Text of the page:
Beyond choosing which tools to use, you’ll also want to make sure your software solutions can communicate with one another. The goal is to have one main database (like your AMS) collecting information from each solution, as well as connections between key tools (for example, your website and social networks).

Optimize communication.

5. Optimize communications.

Multi-channel strategies have proven to be one of the most successful marketing methods for organizations like associations. Modern association members are no longer limited to one communication method and are collecting news and information through a variety of outlets, whether social media, newsletters, or even physical mailings.

However, you do not need to use every platform at your disposal to create your digital strategy. Instead, choose which platforms would most appeal to your association’s audience, such as:

  • Social networks. This is often most successful when you choose one or two social network platforms on which your supporters are most active and communicate accordingly.
  • An event microsite. Consider creating a website specifically for your digital event and including all important information. Link to that site from your main site, as well as from all communications.
  • Your newsletter. If you already send out a thriving newsletter, capitalize on that for your digital event marketing plan. Remember to be concise and make your messages scannable.
  • Physical mailings. If you have more traditional members, send out physical mailings with clear instructions and URLs to access your digital presence. This can help those members discover your digital tools for engagement.

Whether using social media or directing more traditional members toward your website, there are a variety of ways to incorporate technology in your communications plan. Choose which platforms you’ll use based on your members’ preferences to ensure you are promoting your events in spaces they regularly visit. 

Measure success.

6. Measure success.

Once investing time, energy, and resources into developing a digital strategy, ensure you have practices in place to help you analyze the results of those efforts. 

From the start of your planning process, create strong data management protocols to track quantitative information associated with the effort. This data should be stored in your AMS or CRM in a uniform manner so you can evaluate it later. NPOInfo’s guide to data hygiene advises organizations to standardize their data input practices to ensure all information will be necessary or useful. If it has been some time since you last cleaned your database, it may be worthwhile to bring in a consultant to help complete the process for you.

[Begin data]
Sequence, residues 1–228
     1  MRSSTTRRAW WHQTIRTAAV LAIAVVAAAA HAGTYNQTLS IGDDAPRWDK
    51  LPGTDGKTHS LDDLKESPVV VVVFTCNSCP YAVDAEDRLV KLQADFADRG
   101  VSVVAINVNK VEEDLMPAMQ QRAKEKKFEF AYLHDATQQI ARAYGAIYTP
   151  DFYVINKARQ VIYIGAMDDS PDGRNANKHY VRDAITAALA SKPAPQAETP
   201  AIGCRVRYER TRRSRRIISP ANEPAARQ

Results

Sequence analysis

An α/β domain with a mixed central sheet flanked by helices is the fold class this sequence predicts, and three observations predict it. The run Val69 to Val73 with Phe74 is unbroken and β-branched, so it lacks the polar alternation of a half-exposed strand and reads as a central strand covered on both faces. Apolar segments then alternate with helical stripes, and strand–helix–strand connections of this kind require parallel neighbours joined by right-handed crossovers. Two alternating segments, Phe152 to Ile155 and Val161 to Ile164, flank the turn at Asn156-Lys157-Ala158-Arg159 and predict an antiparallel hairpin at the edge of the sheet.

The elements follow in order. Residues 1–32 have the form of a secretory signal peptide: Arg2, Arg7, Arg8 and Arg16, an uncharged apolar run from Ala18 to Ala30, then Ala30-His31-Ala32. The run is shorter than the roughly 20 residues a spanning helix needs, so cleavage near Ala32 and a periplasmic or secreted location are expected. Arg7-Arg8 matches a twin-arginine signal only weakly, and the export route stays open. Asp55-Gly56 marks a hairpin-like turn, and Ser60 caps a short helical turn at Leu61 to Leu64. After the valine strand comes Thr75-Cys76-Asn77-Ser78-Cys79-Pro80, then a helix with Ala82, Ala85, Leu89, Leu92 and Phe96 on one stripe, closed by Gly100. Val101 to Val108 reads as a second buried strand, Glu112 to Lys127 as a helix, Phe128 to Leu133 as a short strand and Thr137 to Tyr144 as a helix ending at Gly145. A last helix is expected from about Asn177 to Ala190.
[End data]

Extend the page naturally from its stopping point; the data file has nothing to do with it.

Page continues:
From there, decide which specific conversion metrics you’d like to equate with success. If you feel stumped, consider your goals from the first section. For example:

  • If your goal was to increase digital event attendance, one conversion metric to measure is webinar sign-ups.

From there, break down that conversion metric. Consider each step needed in the process to convert a member. So, webinar sign-ups can be more closely examined by:

  • Which outlet did attendees sign-up through? A landing page on your website, your event microsite, or another method?
  • How did attendees access that outlet? Did they find your registration landing page through a newsletter, or maybe a social media post?

This method can be applied to any goal your association was trying to reach through this digital strategy. With it, you can discover which aspects of your digital strategy directly contributed to your event’s success.


While you may not need to worry over logistics such as booking a venue or caterer, virtual events still require planning and a comprehensive digital strategy. To prepare for your next event, consider both what your association and your members hope to gain from that event. Then, assess your current resources to determine what tools you have and what you’ll need to host your event. 

About Carl Diesing

About Carl Diesing

Carl Diesing, Managing Director – Carl co-founded DNL OmniMedia in 2006 and has grown the team to accommodate clients with on-going web development projects. Together DNL OmniMedia has worked with over 100 organizations to assist them with accomplishing their online goals. As Managing Director of DNL OmniMedia, Carl works with nonprofits and their technology to foster fundraising, create awareness, cure disease, and solve social issues. Carl lives in the Hudson Valley with his wife Sarah and their two children Charlie and Evelyn.